I had a wonderful evening sitting by the side of the Thames in London on Friday, just by Tower Bridge, dining out with family and friends. But then we went to see a play: Alan Bennet’s Allelujah! which is set in a hospital due for closure. It’s funny, it’s charming in its musical routines with the mainly elderly cast, and it’s challenging. It confronts us with our thoughts and feelings about old age, illness and death, and it packs a punch too – about the dangers of health privatisation, the effect of Brexit on NHS recruitment, and attitudes to immigration.
Despite the play’s obvious merits, it was the last thing I wanted to see. I’d spent the earlier part of the week visiting my mum in hospital (she’s out now – see photo taken in June on her 95th) and I’ve spent the last ten years becoming well acquainted with geriatric care, so two hours of being back again with a bunch of old folks in a hospital wasn’t my idea of a night out. But it was good because it forced me to look at the embarrassing fact that I find it boring and tiring to spend too much time with the elderly, the frail, the unwell. I try not to feel this way, I feel bad about it, and bad about admitting it to you, but I know from talking with others (and indeed from the characters in the play) that this feeling is widespread. I’ve spent the last fifty years visiting my sister who is chronically ill, and I’ve never managed to crack this problem. It’s not that one doesn’t care, it’s just that sitting beside someone who is unwell presents a challenge to a busy person or a restless mind.
I’ve decided to make a change. I’m going to start practicing the Loving Kindness Meditation that comes originally from Buddhism, although it feels supremely natural and I can imagine someone isolated on a desert island discovering the technique for themselves. In essence it involves starting with becoming aware of one’s love for oneself, basking in that for a while. Here’s how meditation teacher Steven Smith explains it: “Breathing in and out from the heart center, begin by generating this kind feeling toward yourself. Feel any areas of mental blockage or numbness, self-judgment, self-hatred. Then drop beneath that to the place where we care for ourselves, where we want strength and health and safety for ourselves.”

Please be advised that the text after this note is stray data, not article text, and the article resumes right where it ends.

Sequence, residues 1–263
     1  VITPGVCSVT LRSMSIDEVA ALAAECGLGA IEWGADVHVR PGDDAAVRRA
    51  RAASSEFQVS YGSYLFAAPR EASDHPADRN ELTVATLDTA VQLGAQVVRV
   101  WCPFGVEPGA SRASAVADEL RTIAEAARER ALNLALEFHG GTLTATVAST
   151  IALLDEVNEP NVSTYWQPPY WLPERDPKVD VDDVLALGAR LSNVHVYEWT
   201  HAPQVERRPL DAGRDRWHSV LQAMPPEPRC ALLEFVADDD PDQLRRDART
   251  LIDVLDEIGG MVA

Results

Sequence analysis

For some of us it might work better to start off by bringing to mind someone who makes you feel happy the moment you think of them, someone with whom you don’t have too complicated a relationship. However you start, you then you extend this feeling outwards to others, gradually moving outwards from close friends and relatives to ‘frenemies’ and people you have difficulty with, then outwards until your feelings of loving kindness reach all beings, the entire planet and even beyond. In the Buddhist practice you include prayers. Steven Smith suggests you start with:
“May I be safe from harm.
May I be happy just as I am.
May I be peaceful with whatever is happening.
May I be healthy and strong.
May I care for myself in this ever-changing world graciously, joyously.”
Then, he writes, “From yourself, move out spaciously into your immediate surroundings. Include every living being within this circle: ‘May all beings in the air, on land, and in the water be safe, happy, healthy, and free from suffering.’ Stay within your reach. As you feel your immediate surround fill with the power of loving kindness, move on, expanding the surround in concentric circles until you envelop the entire planet.”
In the tea session I use simpler wording, add a brief opening from Sophrology which helps us relax quickly, and I set the meditation in a Druid context – in the peace of the Sacred Grove, to which we return at the end, to ground our love and our presence in the Natural world and here on Earth. It takes 10 minutes.
I’ll paste in here a recording I’ve made of a longer version – 17 minutes – and another way of doing this meditation – a five minute practice led by Diana Winston, a Mindfulness teacher.